RealTime IT News

Jamie de Guerre, Director, Partner Programs, Cloudmark

Jamie de GuerreAverage small-to-medium-sized business (SMB) users spend almost 13 minutes a day filtering spam and other flotsam from their e-mail each day. This can add up to some real money when you multiply that by the number of employees in an organization, and it can be dangerous if some of the spam contain viruses or harmful bits of code.

It is no surprise that the anti-spyware market is expected to grow from $214 million this year to $1.4 billion in 2020, according to The Radicati Group, which tracks the e-mail market.

It is also not surprising that hacking, phishing and other problems are increasing dramatically as more people rely on e-mail and messaging for communications and more mobile devices come into play. Internetnews.com spoke recently with Jamie de Guerre, director of program partner management at Cloudmark, a messaging security company that relies on a mix of technology and grassroots user feedback to provide real-time protection from spam, phishing attacks and other threats.

The company's subscriber-based service filters more than 3 billion messages per day from more than 100 million mailboxes located in 160 different countries.

Q: Most attacks seem to come through e-mail and instant messaging. Just how much more sophisticated and dangerous is the problem right now?

The volume is increasing and the level [of the attacker] is growing. They are much more advanced and significantly more fraudulent.

Statistics show that up to $1 billion was lost last year in the U.S. to consumers from phishing, and 2.4 million users were victims to phishing attacks. There is also an increase in the number of fraudulent spam attacks, such as stock fraud e-mails. These scammers are making a lot of money at it, so much so that they are now funding pretty advanced software development houses.

Q: But if there are millions of these fraudulent messages being sent, isn't it easy to identify or block these messages?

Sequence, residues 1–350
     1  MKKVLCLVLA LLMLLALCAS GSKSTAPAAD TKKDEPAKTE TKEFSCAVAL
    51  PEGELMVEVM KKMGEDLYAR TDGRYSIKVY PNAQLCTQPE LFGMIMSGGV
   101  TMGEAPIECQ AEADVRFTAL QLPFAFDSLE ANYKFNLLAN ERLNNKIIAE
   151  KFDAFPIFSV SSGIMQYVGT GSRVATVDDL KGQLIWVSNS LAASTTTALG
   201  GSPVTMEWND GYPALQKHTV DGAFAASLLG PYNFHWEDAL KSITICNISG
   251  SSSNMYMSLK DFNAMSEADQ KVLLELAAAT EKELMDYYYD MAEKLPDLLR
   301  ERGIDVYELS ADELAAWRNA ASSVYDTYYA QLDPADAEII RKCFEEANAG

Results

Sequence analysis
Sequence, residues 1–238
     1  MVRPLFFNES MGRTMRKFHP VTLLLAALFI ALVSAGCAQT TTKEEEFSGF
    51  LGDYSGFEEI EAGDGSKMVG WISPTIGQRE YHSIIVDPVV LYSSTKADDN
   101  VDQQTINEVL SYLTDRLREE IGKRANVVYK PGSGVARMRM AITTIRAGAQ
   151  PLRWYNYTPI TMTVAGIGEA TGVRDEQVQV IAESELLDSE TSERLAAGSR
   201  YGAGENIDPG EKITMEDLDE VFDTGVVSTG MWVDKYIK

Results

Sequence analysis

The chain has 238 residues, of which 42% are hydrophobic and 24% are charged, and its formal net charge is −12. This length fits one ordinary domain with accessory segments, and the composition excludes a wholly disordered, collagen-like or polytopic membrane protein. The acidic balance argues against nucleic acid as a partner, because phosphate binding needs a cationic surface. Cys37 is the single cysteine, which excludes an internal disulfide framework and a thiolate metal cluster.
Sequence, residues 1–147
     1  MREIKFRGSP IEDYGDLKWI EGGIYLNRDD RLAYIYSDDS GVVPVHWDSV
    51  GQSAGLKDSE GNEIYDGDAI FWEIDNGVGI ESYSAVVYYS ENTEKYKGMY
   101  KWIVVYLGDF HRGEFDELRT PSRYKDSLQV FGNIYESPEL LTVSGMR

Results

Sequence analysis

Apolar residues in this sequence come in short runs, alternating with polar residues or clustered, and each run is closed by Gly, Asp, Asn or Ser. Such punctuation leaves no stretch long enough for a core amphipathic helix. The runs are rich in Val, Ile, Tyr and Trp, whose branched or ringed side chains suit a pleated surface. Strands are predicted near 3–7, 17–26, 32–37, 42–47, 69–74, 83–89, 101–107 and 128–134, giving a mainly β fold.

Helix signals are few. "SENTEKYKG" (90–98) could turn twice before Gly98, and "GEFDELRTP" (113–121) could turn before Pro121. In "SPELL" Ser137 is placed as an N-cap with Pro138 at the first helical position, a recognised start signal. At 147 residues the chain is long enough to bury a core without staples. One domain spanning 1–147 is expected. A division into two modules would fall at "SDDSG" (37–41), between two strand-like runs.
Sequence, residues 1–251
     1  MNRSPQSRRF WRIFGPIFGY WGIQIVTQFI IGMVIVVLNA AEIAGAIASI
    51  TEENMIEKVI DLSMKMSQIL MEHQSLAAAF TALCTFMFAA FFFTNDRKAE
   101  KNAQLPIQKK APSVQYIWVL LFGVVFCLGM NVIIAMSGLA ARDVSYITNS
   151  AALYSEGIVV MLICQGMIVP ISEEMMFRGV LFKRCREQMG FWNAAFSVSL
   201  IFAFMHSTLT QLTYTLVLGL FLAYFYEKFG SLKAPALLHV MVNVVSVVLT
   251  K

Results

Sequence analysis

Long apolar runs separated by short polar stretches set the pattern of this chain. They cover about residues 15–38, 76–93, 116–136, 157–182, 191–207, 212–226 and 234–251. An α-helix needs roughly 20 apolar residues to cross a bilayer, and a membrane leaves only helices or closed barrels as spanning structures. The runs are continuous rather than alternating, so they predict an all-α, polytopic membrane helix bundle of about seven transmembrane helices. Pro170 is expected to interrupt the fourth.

No. One of the more advanced threats we have seen recently is a stock ad program that actually generates a different border or watermark image in every single e-mail that is sent -- done with high-performance so they can send millions of these things, which is not an easy task.

The message appears the same to the user, but there is maybe a fuzzy border with random pixels. As a result, the security vendors using their software can't identify that e-mail as the same image and can't stop it, unless they use image processing.

Q: The Department of Homeland Security has expressed a concern about hacking as a route to terrorist activities. Is this paranoia, or is it a legitimate concern?

Terrorist don't even necessarily need skills in this area. What we are seeing is that attackers and spammers are trading their knowledge and wares on a kind of online marketplace with each other. Terrorists can just buy hacked computers on this online marketplace.

We had some researchers look into how they do such attacks, and hackers actually advertise their wares to each other. So, a hacker may advertise that he has 10,000 compromised PCs that can send spam for you, and I'll rent them out to you to send out your e-mails.

Q: Some security measures rely on multiple ways of authenticating users and transactions, especially mobile activities. Don't these alternatives reduce the risk of hacking and fraud?

These things do help quite a bit. In the U.K. and France they have gone to an approach called "chip and PIN" for all their credit cards, and that makes it significantly harder. As a result, attackers try other avenues of attack.